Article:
That’s right, video games. In virtual reality, even.

But we begin with a lizard -- the gecko -- and its superpower, one of the first aspects of the physics of living systems that Sponberg studied as an undergraduate at Lewis and Clark College in Oregon.

Simon SponbergSimon Sponberg:

We were asking the question of how geckos stick to walls, and it’s very interesting because geckos will stick to almost any surface, and if you know much about chemistry, that's sort of hard. Things tend to be pretty chemistry-dependent, and so dependent on the particular structures of what makes up the gecko’s foot and the wall. There are a few things they won’t stick to like Teflon, and that ends up being a key to what's happening. So we were interested in how geckos are sticking to walls, and that sort of evoked my imagination of understanding not just how geckos could adhere, but how they could detach as well -- how they could actually do movement because if you’re an animal, sticking is really good until you need to be unstuck.

Renay San Miguel:

You have to be able to move off that wall to get away from prey or whatever --

Simon Sponberg:

If I only just stuck in one place for the entire time, that’s not so good, right? And they can actually attach and detach their feet in as little as forty-thousands of a second.

Renay San Miguel:

Wow.

Simon Sponberg:

So they can run quite agile-y despite using that adhesion, and they can stick by a single toe.

[Laughter]

And in fact, in a theoretical maxim, two 70-gram geckos could support my weight.

Renay San Miguel:

But again, that’s theoretical; the gecko’s skeleton couldn’t support a person’s weight. But its tiny feet support its own weight while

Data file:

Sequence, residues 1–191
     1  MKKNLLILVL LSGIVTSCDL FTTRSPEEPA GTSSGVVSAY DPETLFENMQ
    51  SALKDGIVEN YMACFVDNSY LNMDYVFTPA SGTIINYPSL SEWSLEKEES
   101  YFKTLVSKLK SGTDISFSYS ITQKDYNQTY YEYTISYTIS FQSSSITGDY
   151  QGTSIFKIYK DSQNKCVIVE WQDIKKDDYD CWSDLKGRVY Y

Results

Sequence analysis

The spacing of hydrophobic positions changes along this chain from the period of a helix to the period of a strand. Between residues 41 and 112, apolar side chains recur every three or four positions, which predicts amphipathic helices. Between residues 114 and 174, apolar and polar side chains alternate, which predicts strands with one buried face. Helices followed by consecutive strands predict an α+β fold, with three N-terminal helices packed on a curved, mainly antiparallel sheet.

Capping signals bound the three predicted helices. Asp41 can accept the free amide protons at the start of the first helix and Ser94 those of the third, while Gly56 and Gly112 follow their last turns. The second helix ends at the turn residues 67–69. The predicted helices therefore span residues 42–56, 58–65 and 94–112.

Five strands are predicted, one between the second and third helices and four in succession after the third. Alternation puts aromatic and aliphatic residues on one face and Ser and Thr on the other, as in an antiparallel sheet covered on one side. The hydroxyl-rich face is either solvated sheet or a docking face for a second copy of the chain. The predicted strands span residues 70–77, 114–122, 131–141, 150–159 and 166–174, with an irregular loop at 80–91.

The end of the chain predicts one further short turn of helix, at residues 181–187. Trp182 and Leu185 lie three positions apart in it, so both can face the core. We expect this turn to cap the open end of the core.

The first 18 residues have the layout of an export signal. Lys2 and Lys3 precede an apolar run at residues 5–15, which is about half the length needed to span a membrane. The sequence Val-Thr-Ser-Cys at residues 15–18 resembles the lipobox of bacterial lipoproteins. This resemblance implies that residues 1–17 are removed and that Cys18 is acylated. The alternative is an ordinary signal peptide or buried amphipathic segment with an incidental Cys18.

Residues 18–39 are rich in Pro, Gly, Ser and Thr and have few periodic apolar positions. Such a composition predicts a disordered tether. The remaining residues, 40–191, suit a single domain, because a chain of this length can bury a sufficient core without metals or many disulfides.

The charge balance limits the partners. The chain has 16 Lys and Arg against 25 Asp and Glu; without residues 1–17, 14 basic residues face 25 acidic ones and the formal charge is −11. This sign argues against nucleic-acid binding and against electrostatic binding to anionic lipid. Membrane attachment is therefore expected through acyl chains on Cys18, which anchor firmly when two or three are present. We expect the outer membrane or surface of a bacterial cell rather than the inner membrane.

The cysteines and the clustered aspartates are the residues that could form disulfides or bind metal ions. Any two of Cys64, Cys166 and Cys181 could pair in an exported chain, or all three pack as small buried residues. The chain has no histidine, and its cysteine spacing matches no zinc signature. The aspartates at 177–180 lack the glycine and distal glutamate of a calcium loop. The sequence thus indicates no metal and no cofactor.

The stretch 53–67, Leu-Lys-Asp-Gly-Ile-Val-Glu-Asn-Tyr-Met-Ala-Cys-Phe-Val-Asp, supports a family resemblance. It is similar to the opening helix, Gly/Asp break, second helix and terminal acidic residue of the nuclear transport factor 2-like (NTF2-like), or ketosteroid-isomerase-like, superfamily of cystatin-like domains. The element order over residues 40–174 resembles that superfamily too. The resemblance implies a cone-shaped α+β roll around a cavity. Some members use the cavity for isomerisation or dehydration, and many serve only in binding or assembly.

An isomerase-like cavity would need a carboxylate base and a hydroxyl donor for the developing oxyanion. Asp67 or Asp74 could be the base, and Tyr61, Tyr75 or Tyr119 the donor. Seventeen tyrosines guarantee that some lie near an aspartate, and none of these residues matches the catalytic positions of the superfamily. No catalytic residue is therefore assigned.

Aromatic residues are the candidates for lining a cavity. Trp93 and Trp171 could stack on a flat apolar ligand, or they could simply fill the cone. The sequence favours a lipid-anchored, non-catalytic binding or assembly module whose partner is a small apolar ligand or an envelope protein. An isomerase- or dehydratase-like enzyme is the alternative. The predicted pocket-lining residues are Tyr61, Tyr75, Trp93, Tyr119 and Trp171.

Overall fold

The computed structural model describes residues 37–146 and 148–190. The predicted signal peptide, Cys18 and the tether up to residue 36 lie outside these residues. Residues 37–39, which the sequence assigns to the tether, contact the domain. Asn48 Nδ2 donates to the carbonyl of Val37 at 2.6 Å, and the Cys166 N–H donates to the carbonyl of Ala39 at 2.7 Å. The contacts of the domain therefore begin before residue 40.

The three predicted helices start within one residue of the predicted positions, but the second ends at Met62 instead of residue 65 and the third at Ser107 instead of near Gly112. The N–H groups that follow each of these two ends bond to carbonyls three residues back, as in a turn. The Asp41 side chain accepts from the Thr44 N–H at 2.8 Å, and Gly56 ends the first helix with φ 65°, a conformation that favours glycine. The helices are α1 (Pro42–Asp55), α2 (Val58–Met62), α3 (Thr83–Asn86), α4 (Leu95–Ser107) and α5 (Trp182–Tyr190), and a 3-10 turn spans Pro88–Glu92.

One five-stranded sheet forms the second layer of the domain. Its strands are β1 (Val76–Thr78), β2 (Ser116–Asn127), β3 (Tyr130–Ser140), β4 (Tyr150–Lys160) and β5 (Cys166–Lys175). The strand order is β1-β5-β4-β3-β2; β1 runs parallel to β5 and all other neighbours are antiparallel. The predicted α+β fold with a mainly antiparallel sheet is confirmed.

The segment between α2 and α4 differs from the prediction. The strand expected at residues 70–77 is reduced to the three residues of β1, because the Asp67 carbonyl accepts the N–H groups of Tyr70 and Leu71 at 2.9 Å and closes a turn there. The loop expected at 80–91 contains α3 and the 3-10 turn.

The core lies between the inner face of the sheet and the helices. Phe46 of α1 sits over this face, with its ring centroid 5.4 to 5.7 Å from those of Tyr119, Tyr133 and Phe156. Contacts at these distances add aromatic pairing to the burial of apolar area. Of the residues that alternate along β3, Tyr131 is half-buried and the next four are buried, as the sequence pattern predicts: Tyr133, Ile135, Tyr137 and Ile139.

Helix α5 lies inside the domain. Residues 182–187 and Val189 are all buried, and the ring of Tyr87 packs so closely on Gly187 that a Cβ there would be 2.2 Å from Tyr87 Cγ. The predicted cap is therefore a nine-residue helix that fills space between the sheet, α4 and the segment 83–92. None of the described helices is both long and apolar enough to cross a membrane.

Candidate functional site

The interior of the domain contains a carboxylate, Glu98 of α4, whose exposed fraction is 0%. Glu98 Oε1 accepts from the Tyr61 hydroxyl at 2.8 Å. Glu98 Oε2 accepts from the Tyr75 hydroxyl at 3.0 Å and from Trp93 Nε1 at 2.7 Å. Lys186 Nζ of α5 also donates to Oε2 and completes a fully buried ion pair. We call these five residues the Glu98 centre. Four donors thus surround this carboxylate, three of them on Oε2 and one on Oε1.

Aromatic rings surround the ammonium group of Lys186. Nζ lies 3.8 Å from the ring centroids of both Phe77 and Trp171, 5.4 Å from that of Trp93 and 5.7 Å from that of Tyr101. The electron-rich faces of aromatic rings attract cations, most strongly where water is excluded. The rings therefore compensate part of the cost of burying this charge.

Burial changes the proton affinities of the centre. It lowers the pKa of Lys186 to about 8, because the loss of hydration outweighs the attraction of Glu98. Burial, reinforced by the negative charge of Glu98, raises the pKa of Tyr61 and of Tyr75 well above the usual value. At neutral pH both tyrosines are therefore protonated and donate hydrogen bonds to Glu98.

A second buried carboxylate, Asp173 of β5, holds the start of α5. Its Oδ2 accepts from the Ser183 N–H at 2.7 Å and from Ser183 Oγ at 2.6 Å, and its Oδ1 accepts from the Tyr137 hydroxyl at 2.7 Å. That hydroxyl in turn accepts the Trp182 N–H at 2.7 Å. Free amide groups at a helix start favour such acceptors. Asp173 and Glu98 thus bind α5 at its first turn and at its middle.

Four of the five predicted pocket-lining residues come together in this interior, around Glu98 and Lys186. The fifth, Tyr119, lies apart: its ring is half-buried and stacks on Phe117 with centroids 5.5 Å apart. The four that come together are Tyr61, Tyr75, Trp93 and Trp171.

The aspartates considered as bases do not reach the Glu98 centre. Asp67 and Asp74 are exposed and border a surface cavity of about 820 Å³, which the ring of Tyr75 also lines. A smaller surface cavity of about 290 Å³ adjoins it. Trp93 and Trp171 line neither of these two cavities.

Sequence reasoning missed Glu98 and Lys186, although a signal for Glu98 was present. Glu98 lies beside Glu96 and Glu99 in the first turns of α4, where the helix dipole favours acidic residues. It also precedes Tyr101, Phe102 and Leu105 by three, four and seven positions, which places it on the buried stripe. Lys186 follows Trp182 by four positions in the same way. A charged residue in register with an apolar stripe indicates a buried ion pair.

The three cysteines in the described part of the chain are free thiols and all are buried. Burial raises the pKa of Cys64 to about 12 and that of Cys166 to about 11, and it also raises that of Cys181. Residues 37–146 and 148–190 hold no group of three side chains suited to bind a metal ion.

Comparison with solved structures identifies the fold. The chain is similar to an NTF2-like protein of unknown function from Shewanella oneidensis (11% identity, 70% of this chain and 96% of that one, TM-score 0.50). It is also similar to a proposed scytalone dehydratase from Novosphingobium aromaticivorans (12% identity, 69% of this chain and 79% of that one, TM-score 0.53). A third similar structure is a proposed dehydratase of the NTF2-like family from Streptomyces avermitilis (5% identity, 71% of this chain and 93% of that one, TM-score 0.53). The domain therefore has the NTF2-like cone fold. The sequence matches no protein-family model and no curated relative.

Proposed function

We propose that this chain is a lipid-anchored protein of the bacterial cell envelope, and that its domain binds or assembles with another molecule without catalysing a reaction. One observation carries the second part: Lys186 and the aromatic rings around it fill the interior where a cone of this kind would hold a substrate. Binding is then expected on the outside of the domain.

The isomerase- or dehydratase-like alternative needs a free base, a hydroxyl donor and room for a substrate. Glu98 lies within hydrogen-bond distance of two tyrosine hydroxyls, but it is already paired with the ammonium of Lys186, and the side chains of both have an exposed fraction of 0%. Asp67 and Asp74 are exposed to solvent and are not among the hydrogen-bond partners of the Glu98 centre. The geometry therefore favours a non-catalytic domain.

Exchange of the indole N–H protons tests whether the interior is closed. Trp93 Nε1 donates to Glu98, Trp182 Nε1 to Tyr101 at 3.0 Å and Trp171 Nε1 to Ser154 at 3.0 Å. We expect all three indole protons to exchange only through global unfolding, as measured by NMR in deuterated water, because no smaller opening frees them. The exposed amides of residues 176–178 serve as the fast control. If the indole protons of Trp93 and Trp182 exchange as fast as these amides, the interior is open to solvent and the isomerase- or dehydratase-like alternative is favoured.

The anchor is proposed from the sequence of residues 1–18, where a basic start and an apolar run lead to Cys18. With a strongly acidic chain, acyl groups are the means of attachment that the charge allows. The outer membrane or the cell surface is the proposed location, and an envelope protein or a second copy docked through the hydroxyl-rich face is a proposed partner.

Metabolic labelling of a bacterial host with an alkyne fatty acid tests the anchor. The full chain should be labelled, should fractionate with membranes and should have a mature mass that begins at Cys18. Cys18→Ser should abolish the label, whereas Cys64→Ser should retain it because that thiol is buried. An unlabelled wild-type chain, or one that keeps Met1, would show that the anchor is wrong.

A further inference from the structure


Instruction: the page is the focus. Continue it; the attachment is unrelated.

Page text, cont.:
hanging on a wall largely due to something called van der Waals forces, which is how two separate surfaces interact with each other on a molecular level, depending on their distance.

Simon Sponberg:

If I stick my hand, put my hand on a table, I actually have lots of van der Waals forces between my hand and the table. But at the molecular level my hand and the table are very, very rough, and so I’m barely actually touching the table. And the gecko sort of overcomes this problem because he’s got little hairs on the bottom of his toes, and they split to a bunch of little split ends, and then those split ends split another ten, hundred, thousand times --

Renay San Miguel:

And the can get traction, they can grab --

Simon Sponberg:

They get so fine that the finest tip is smaller in diameter than the wavelength of visible light.

Renay San Miguel:

Whoa.

Simon Sponberg:

300 nanometers, and it basically allows them to make intimate contact with anything they touch.

Renay San Miguel:

Oh man.

Simon Sponberg:

And so they touch a surface, and if they orient their toes right -- basically they have to press in and slide a little -- then their hairs get really pressed up against the surface, and then adhere with van der Waals. But then if they change the orientation of their foot, they start to separate, and as soon as they start to separate becuase of van der Waals forces, they detach really fast.